Arm Acquires US Rights
Ontario, CANADA September 8, 2008 – Fox
Searchlight Pictures President Peter Rice today
announced that the company has acquired US rights
to the riveting drama THE WRESTLER, which had
its North American premiere last night at the
Toronto International Film Festival and won the
Golden Lion at the 2008 Venice Film Festival.
Directed by Darren Aronofsky and written by Rob
Siegel, THE WRESTLER stars Mickey Rourke, Marisa
Tomei and Evan Rachel Wood. The film was produced
by Scott Franklin and Darren Aronofsky thru Protozoa
Pictures. Vincent Maraval, Agnes Mentre and Jennifer
Roth served as executive producers and Mark Heyman
co-produced. The film is scheduled to be released
in December 2008.
Fox Searchlight Pictures President Peter Rice,
"Darren Aronofsky has created an unbelievably
electrifying and compelling tale with tour de
force performances. We are delighted to be releasing
this brilliantly executed film and thank Wild
Bunch for choosing Searchlight."
Darren Aronofsky, "I've known Peter Rice
for many, many years and am excited and honored
to finally get a chance to collaborate with him
and his team."
Vincent Maraval "We are delighted to have
closed the deal with Fox Searchlight which we
believe is the best distributor for this movie."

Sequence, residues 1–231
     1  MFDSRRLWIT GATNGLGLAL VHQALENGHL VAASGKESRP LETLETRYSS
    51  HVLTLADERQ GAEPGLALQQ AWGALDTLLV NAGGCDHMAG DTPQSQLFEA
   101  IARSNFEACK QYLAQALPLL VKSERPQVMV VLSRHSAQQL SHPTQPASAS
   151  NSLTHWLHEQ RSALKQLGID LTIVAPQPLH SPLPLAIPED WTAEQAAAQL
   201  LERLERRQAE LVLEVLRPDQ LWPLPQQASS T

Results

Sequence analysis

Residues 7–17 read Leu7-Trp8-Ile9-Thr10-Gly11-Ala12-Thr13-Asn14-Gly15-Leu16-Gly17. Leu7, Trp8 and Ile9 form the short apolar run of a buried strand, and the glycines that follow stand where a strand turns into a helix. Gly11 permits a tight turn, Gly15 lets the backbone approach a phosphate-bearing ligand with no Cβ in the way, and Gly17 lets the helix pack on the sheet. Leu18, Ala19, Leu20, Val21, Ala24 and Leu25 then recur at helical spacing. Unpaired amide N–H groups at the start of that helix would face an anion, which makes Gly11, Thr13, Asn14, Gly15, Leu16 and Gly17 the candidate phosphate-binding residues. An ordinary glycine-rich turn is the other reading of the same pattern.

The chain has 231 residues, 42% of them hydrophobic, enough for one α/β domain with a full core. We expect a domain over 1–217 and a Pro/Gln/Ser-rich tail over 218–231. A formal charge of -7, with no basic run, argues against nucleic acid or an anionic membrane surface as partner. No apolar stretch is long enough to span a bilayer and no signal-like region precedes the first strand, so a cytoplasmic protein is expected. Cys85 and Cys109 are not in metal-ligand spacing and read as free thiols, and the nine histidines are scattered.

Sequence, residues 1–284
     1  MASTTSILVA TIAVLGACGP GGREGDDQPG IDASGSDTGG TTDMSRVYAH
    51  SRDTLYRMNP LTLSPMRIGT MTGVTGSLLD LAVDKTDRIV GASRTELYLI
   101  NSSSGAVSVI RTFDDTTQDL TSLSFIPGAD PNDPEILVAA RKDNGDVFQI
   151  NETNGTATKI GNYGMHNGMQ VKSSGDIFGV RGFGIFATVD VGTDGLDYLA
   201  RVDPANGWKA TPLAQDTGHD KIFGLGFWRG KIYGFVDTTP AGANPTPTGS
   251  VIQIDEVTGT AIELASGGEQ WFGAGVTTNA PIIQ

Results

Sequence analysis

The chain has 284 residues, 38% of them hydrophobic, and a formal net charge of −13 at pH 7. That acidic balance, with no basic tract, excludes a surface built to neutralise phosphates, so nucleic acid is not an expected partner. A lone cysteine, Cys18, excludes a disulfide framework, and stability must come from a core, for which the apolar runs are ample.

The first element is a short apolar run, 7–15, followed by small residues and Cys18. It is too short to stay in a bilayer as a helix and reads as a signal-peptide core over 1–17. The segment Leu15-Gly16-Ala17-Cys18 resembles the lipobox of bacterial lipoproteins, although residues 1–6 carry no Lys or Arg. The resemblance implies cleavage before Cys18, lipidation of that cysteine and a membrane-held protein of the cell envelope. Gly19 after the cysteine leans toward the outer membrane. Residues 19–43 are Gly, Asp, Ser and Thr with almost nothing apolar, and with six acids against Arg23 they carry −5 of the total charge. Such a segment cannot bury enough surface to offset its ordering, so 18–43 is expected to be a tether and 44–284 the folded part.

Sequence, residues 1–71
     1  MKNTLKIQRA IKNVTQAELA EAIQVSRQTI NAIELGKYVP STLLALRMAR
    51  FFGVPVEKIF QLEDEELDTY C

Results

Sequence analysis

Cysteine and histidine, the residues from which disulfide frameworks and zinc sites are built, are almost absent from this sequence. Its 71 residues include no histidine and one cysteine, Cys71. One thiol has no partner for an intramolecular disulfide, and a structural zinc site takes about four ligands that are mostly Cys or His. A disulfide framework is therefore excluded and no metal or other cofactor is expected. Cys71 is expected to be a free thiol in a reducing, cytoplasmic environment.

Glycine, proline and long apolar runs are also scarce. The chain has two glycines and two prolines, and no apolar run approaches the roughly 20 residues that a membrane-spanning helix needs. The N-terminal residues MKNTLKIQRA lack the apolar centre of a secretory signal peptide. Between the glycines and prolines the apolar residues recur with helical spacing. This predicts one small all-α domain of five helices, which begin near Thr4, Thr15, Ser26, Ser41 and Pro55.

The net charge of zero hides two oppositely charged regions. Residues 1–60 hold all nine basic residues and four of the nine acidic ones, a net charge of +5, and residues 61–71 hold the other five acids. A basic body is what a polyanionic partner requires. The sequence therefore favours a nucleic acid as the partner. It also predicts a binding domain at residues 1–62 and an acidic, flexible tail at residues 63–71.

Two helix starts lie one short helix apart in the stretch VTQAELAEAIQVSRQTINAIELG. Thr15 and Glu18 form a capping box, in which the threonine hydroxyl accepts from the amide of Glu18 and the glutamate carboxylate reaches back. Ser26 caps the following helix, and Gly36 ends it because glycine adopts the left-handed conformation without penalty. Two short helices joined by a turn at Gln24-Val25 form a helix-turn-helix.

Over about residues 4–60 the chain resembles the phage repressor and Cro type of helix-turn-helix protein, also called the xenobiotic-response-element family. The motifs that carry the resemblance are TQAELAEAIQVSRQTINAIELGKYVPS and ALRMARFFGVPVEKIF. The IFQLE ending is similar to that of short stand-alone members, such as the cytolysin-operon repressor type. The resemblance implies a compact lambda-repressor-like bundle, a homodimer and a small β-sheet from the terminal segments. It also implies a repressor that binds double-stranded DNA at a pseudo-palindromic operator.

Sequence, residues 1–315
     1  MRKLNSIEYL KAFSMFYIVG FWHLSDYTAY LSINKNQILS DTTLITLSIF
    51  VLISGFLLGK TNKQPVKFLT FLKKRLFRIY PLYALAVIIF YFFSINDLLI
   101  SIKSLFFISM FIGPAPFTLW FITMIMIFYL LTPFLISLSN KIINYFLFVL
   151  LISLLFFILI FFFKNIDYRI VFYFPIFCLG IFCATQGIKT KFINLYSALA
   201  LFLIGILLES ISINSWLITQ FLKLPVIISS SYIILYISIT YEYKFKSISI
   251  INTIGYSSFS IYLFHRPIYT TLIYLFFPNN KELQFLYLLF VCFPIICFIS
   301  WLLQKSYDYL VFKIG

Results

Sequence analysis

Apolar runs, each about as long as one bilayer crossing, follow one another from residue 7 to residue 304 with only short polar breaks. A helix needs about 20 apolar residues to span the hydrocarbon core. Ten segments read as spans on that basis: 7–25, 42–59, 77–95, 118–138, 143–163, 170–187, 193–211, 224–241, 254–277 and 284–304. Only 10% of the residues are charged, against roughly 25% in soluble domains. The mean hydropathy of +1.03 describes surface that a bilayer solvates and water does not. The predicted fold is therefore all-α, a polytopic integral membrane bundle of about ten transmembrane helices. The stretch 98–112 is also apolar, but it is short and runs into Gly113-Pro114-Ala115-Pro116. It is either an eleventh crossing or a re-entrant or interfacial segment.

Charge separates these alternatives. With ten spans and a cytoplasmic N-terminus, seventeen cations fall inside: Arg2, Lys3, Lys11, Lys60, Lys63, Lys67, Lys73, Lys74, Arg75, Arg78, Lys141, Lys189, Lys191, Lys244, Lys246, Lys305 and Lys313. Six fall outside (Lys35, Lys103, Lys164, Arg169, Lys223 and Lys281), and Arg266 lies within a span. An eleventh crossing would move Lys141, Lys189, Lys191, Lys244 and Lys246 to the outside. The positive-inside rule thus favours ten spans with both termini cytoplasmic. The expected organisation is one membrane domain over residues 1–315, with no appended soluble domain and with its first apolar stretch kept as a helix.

in the late '80s, Randy "The Ram" Robinson
(Mickey Rourke) was a headlining professional
wrestler. Now, twenty years later, he ekes out
a living performing for handfuls of diehard wrestling
fans in high school gyms and community centers
around New Jersey.
from his daughter (Evan Rachel Wood) and unable
to sustain any real relationships, Randy lives
for the thrill of the show and the adoration of
his fans. However, a heart attack forces him into
retirement. As his sense of identity starts to
slip away, he begins to evaluate the state of
his life -- trying to reconnect with his daughter,
and strikes up a blossoming romance with an aging
stripper (Marisa Tomei). Yet all this cannot compare
to the allure of the ring and passion for his
art, which threatens to pull Randy "The Ram"
back into his world of wrestling.
Darren Aronofsky presents a powerful portrait
of a battered dreamer, who despite himself and
the odds stacked against him, lives to be a hero
once again in the only place he considers home
– inside the ring.
deal was brokered on Fox Searchlight’s side
by Senior Vice President of Acquisitions Tony
Safford and Vice President of Business Affairs
Megan O’Brien. Creative Artists Agency (CAA),
which packaged the film, is handling the North
American rights. Darren Aronofsky was represented
by CAA and Carlos Goodman.
Searchlight Pictures is a specialty film company